NEW YORK—The book sits on a crowded shelf in a small used bookstore on the Upper West Side.
The book has seen some use. Its dust jacket is frayed with small tears at the edges. The jacket’s colors, though—the vivid black and red—remain vibrant.
The name on the spine is familiar.
The book, “Emily’s Walk,” is one I started writing a quarter-century ago. It was published almost 20 years ago.
It was written primarily to help raise funds for spinal cord injury research.
It made a fair-sized splash in Indiana when it came out. I did TV standups around the state and appeared on radio shows. Several newspapers and magazines did stories about the book and excerpted sections from it.
The sales were good for a regional title. I remember signing hundreds of copies at galas and other fundraising events.
Then it faded away.
Now, a copy of my book sits on a shelf in a bookstore hundreds of miles from where I wrote it and from where almost all the sales occurred.
I pluck it from the shelf and look inside.
I inscribed it to someone. I don’t recognize the name. The date is for one of the fundraisers.
Someone I may have encountered for only the short time it takes to scratch a few words, my signature and the date on the title page launched this book of mine on its journey.
It appears to have been read, probably by more than one person.
The spine has seen some wear. It carries a permanent indent now, like the dimple in a well-knotted tie.
There are passages underlined and small notes and other marks in the margins. The handwriting looks different from place to place—small and cramped in some spots, bigger and more assertive in others.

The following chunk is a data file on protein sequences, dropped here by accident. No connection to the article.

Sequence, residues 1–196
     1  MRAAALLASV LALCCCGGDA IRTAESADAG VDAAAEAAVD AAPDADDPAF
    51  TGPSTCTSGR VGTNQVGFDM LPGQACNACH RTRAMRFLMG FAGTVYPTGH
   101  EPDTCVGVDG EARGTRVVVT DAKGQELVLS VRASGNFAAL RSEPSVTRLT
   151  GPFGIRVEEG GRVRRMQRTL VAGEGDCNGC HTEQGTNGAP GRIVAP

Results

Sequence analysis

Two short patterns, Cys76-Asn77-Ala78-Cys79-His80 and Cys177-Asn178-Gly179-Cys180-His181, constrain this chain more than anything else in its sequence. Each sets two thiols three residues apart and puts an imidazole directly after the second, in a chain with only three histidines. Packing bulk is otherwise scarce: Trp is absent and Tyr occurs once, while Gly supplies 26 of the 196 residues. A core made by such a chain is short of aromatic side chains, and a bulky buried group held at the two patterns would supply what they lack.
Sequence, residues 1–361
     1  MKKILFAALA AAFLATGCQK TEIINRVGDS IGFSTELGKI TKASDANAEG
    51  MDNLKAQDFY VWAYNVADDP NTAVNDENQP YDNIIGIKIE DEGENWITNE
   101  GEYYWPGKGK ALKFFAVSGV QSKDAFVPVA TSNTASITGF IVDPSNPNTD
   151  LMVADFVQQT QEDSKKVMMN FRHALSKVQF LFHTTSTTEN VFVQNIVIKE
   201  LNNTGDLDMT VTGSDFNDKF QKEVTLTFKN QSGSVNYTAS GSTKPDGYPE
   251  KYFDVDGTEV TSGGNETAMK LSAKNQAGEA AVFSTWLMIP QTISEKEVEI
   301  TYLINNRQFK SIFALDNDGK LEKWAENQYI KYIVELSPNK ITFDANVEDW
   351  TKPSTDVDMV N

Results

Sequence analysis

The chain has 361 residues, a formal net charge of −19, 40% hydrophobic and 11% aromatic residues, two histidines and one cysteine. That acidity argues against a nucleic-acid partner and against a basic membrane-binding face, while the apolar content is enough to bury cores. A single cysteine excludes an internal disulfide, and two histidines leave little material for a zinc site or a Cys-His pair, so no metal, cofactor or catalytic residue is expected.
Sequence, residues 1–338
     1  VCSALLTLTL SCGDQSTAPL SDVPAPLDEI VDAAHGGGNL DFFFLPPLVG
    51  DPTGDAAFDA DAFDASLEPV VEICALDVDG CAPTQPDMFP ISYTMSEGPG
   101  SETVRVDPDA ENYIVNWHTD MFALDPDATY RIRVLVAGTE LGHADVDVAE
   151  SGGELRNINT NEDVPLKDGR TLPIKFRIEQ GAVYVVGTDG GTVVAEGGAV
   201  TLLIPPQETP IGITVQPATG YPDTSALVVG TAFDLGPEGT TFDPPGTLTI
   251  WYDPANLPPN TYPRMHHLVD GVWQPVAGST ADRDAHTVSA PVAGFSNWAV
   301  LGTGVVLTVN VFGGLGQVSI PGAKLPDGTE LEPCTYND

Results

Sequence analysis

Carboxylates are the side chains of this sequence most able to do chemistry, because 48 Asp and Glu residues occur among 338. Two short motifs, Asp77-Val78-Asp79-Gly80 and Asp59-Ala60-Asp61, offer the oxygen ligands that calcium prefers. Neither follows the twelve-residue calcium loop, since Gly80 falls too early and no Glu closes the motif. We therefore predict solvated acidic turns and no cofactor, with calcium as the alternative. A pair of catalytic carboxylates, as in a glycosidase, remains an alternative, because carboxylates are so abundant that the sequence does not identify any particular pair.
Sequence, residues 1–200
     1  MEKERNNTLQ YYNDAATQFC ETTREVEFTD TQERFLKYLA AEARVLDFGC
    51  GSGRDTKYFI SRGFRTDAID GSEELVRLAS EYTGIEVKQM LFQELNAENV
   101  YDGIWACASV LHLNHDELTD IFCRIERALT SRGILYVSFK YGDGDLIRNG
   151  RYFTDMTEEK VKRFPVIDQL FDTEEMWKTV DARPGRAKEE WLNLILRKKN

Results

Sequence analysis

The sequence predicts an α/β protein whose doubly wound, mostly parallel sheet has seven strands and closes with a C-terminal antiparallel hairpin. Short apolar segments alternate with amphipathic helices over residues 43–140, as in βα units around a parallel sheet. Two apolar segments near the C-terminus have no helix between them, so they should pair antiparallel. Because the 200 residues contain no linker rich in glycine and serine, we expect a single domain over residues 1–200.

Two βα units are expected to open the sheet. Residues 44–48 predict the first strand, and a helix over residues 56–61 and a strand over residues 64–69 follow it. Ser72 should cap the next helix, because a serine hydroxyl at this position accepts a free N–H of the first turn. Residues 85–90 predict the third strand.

I sift through the notes, trying to make out how these readers I don’t even know reacted to the tale of a little girl whose spine snapped in an Indiana amusement park wreck and of a family’s struggle both to survive and achieve justice.
It’s an impossible task. The jottings they left on the book’s pages are just enough to tantalize—and not nearly enough to satisfy curiosity.
As I hold the book in my hands, I think about the writing of it—the mornings I woke up at 3 o’clock or 4 o’clock to push the narrative forward before I headed off to my real job. I remember the sense of satisfaction I felt when the story seemed to take shape and assume a life of its own, when it felt like all I needed to do was get out of the way and let the tale tell itself.
I also think about the travels and travails of this well-worn tome I hold. How many sets of hands has it passed through in the nearly two decades since I signed this copy and sent it home with a new owner? What route has it traveled since that long-ago moment with how many stops along the way?
But that, I realize, is one of the reasons I fell in love with writing and with books in the first place. To take us places, they also must go places.
And the beauty of a book is that it endures.
Since this book came out, I’ve written and published a couple million words, many of them almost instantly perishable. Most are written to speak to specific moments and linger for only as long as that moment lasts.
I look to see what the store owner wants for this little book of mine. Not much, it turns out. That’s not surprising, given the book’s age and its signs of wear and tear.
For the price of a cup of coffee, I could take this tome home and bring its journey full circle.
I’m tempted, but that somehow seems wrong.
This book has done what a book should do. It has traveled far and touched lives. It has found its way in this great, wide world.
I slip my little book back onto the shelf, and wish it Godspeed as it continues its voyage of wonder and discovery.
John Krull is director of Franklin College’s Pulliam School of Journalism and publisher of TheStatehouseFile.com, a news website powered by Franklin College journalism students. Send comments to [email protected]